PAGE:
1. You’re going to be relying on big companies even if you host everything yourself; you need a domain name, at the very least, and you’re probably going to rent a server instead of maintaining your own. There are two important differences between this situation and the one with the social-media giants, though. First, you’re actually paying these companies, which means they have an incentive to provide at least some level of service. Second, if one of these companies doesn’t meet your needs in some way then there are viable alternatives you can use instead—and switching from one blog host to another makes no difference to your ability to interoperate with other blogs. It’s not like Facebook, where you can only interact with other people who are also on Facebook.↩︎

  2. It’s possible to take this too far, though, I think. If you post a comment on, say, Reddit as part of a discussion, it doesn’t usually make sense for that to be posted by itself on your site. (And if you copy other people’s comments onto your site for context, you start to run into moral and legal issues.)↩︎

  3. Instagram’s API doesn’t have any provision for posting photos, which means that it’s not possible to post photos on your own site and then copy them to Instagram—you have to post them to Instagram yourself using the app. If you want an automated workflow then you have to start by posting to Instagram and then copying to your own site.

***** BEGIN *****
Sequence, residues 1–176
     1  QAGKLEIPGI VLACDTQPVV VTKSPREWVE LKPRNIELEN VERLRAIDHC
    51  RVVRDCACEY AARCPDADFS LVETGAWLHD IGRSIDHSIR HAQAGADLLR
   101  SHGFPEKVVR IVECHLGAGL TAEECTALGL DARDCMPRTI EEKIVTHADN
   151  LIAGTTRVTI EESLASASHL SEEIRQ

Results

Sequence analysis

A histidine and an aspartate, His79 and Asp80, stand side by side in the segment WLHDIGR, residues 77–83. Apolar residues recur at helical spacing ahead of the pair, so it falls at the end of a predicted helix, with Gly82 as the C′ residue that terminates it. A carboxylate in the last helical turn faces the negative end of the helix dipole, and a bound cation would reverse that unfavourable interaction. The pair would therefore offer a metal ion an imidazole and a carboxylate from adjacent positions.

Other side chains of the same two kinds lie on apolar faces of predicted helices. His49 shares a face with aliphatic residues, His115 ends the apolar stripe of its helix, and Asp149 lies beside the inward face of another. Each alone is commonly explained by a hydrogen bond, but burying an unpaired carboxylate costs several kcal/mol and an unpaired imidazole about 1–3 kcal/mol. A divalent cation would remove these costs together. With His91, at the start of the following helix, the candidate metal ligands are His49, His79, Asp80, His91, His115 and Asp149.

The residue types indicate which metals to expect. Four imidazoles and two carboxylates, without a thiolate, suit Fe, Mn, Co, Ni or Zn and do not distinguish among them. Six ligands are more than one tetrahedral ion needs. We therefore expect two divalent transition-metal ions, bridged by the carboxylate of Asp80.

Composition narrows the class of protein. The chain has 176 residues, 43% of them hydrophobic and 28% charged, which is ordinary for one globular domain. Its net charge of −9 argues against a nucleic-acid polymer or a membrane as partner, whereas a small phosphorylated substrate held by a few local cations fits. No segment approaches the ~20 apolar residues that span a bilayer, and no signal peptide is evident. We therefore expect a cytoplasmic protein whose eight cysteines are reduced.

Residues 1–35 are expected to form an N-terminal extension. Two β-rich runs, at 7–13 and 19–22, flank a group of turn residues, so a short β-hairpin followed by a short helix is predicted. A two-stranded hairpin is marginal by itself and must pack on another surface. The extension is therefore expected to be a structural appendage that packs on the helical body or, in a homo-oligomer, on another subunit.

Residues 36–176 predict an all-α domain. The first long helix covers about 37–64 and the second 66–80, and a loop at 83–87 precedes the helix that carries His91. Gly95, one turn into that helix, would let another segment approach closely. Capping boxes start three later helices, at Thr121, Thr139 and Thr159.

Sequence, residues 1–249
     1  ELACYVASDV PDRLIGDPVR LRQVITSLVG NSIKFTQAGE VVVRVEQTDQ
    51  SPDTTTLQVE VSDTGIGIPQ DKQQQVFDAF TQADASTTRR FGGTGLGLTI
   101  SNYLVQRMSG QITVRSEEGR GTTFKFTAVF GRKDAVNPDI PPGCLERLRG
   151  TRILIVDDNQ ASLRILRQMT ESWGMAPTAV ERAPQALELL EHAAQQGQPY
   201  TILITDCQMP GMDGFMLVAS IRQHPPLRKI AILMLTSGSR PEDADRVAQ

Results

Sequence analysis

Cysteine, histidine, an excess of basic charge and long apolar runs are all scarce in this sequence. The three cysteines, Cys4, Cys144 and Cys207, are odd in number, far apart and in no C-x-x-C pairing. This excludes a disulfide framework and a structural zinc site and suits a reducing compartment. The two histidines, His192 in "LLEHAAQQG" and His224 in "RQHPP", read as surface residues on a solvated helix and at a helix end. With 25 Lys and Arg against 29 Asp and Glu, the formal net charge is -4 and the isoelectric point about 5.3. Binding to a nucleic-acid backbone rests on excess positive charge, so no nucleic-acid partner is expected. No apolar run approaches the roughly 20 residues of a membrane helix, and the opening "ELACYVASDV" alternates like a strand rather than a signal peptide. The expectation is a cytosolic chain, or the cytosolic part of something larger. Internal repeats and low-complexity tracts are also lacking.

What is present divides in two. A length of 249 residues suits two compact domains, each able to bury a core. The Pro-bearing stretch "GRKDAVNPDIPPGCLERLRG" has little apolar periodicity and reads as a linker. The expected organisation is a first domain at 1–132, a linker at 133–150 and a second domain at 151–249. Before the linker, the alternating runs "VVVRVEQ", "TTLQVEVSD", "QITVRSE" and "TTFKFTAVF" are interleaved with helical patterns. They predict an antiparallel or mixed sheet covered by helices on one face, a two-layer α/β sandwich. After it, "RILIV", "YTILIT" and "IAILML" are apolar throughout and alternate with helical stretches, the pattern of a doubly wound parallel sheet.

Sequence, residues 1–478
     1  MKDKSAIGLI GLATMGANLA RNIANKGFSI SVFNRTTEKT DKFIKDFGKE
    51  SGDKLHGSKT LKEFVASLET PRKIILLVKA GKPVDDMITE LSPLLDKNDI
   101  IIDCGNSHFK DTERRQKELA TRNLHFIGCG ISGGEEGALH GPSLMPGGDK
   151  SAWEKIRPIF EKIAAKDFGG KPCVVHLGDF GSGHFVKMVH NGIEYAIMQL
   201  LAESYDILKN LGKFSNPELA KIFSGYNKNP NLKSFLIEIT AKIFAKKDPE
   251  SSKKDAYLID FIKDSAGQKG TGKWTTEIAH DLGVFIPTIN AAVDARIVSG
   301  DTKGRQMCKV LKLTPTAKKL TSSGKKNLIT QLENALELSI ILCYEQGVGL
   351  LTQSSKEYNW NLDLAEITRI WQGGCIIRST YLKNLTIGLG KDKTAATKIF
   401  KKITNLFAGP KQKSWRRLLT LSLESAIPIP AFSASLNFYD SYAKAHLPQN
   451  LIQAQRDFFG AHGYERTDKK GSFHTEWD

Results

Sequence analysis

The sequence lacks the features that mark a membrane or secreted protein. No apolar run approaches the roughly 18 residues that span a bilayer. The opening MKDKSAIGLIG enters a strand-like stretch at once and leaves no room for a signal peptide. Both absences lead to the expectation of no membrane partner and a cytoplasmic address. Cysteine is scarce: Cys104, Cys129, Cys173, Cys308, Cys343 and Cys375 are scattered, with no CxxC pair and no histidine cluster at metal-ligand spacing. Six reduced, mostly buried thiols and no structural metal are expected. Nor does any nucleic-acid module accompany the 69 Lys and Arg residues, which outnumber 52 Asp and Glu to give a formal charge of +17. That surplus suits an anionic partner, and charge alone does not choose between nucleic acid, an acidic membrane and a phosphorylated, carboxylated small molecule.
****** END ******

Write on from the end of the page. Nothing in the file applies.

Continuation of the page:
Compare this to how lets you post to Twitter by posting on your own site first and then copying to Twitter. In the IndieWeb community, the former flow is called PESOS (“publish elsewhere, syndicate to your own site”), while the latter form is called POSSE, for “post on your own site, syndicate elsewhere.”↩︎

  4. I’ve been thinking a lot lately about something Ryan Barrett wrote about online communities. Both he and I are mostly looking to interact with people we already know. I’m “on” and Mastodon, both of which have the potential to become nice online communities, but I’m not trying to find new people to hang out with—I want to keep talking to the people I already follow on Twitter or know in real life.

    For me, the sole killer feature of an online community is who’s in it. That’s the reason I’m still on Facebook even after all the crap they’ve pulled.↩︎

  5. Feed readers are starting to catch up. Feedbin, the reader I use, has added native support for following Twitter accounts in the same interface that you use to follow other feeds.↩︎